Peay claims federal authorities are bent on recovering the Mexican wolf, regardless of the toll on agriculture.

“They want to put Mexican wolves in Utah because the Mexicans don’t want them,” he told lawmakers.

But there is not much truth to that, according to U.S. Fish and Wildlife Service officials.

A recent scientific report has identified parts of southern Utah as playing a potential role in the recovery of the Mexican wolf, said Laura Romin, the service’s deputy field supervisor for Utah. But the service has never proposed extending this subspecies’ recovery zone into Colorado and Utah and is not actively releasing wolves in Arizona.

The agency has been releasing captive-raised wolves in Arizona’s Blue Range as part of a re-introduction program underway since 1998 and their numbers in the wild have fluctuated between 40 and 60 over the years.

Peay and Benson, whose voicemail boxes are full, could not be reached Thursday.
Please write a letter to the editor of the Salt Lake Tribune today, thanking them for this article and expressing outrage at Utah’s tax dollars being spent to enrich Don Peay and his cronies at the expense of education, wolves and the Endangered Species Act.

The letters to the editor page is one of the most widely read, influential parts of the newspaper. One letter from you can reach thousands of people and will also likely be read by decision-makers.  Tips for writing your letter are below, but please write in your own words, from your own experience.

Letter Writing Tips & Talking Points

Below are a few suggestions for ensuring your message gets through clearly-your letter will be most effective if you focus on a few key points, so don’t try to use all of these. If you need additional help or want someone to review your letter before you send it, email it to info@mexicanwolves.org.

  • Start by thanking paper for publishing this article. This makes your letter immediately relevant and increases its chances of being published.
  • Convey your outrage at the idea of Don Peay receiving taxpayer funds to undermine the Endangered Species Act and spread misinformation about wolves while important programs like education are underfunded.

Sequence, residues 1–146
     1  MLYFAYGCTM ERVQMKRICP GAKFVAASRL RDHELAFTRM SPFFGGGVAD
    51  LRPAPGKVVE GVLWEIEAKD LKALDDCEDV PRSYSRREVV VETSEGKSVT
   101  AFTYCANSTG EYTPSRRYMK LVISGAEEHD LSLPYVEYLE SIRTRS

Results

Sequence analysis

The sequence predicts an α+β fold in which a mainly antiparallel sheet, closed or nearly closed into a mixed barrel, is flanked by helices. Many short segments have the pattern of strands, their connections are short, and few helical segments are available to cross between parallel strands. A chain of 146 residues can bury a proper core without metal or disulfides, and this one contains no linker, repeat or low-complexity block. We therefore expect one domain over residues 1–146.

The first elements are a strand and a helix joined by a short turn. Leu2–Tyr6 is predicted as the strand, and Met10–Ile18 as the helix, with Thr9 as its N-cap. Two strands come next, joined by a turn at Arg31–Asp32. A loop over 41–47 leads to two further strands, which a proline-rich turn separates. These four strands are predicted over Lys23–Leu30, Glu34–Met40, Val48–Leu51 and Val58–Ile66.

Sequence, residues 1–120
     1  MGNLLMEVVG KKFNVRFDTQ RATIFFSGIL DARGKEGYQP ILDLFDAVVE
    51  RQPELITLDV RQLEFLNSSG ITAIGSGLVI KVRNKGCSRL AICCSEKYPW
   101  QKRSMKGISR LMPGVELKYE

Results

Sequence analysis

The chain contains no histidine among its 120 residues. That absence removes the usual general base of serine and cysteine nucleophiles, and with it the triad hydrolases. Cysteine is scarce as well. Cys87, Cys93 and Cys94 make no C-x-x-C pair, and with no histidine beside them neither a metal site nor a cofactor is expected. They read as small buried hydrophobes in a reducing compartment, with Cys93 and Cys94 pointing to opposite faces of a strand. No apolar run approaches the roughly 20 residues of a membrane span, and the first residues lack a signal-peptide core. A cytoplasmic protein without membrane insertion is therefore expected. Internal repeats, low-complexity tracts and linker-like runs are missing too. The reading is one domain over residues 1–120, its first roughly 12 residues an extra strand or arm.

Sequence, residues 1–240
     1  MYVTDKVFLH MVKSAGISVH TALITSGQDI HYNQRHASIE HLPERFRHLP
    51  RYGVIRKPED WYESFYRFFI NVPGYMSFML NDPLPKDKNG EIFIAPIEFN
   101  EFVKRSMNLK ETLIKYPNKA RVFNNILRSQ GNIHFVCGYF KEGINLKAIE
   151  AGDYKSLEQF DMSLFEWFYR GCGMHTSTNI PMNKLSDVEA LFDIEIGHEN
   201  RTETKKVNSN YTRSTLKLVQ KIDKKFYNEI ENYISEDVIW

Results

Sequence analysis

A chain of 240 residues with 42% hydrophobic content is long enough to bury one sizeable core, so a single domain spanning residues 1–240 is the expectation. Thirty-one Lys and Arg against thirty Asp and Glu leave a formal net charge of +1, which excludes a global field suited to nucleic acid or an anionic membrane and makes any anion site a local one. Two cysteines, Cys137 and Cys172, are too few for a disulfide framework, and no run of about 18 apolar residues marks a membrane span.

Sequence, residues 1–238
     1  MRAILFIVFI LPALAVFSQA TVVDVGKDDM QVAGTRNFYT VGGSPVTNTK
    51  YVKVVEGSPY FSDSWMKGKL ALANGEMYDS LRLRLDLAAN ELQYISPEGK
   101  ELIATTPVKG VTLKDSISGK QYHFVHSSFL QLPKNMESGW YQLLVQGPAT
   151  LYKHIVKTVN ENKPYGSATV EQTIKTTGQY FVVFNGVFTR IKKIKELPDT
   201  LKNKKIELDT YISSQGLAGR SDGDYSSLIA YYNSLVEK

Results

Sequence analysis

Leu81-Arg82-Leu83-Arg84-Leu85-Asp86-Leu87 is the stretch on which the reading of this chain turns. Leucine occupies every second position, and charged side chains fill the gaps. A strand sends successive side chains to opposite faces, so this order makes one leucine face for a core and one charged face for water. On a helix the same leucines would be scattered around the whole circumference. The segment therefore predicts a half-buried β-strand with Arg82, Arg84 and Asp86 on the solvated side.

• Tell readers that the funding was recommended by Senate Majority Leader Ralph Okerlund, R-Monroe, who received $6,500 last year in campaign donations from Don Peay and Ryan Benson, the two men requesting the $300,000.
  • Point out that Peay and his cronies already got $300,000 last year and there has been no accountability or oversight on how that money was spent.
  • Inform readers that, at last count, just 75 Mexican gray wolves, including three breeding pairs, survived in the wild. Yet Don Peay wants to strip protections from this critically endangered animal.
  • Tell readers why you support wolves and stress that the majority of Utah residents support wolves and understand their importance.  In Utah polling by Bruskotter et al., Utah State University, 74% of respondents displayed a positive attitude toward wolves.
  • Talk about your personal connection to wolves and why the issue is important to you. If you’re a grandmother wanting your grandchildren to have the opportunity to hear wolves in the wild, or a hunter who recognizes that wolves make game herds healthier, or a businessperson who knows that wolves have brought millions in ecotourism dollars to Yellowstone, say so.
  • Describe the ecological benefits of wolves to entire ecosystems and all wildlife. Wildlife biologists believe that Mexican wolves will improve the overall health of the Southwest and its rivers and streams — just as the return of gray wolves to Yellowstone has helped restore balance to its lands and waters.
  • Keep your letter brief, between 150-200 words.
  • Provide your name, address, occupation, and phone number; your full address, occupation, and phone number will not be published, but they are required in order to have your letter published.

You can  email your letter to letters@sltrib.com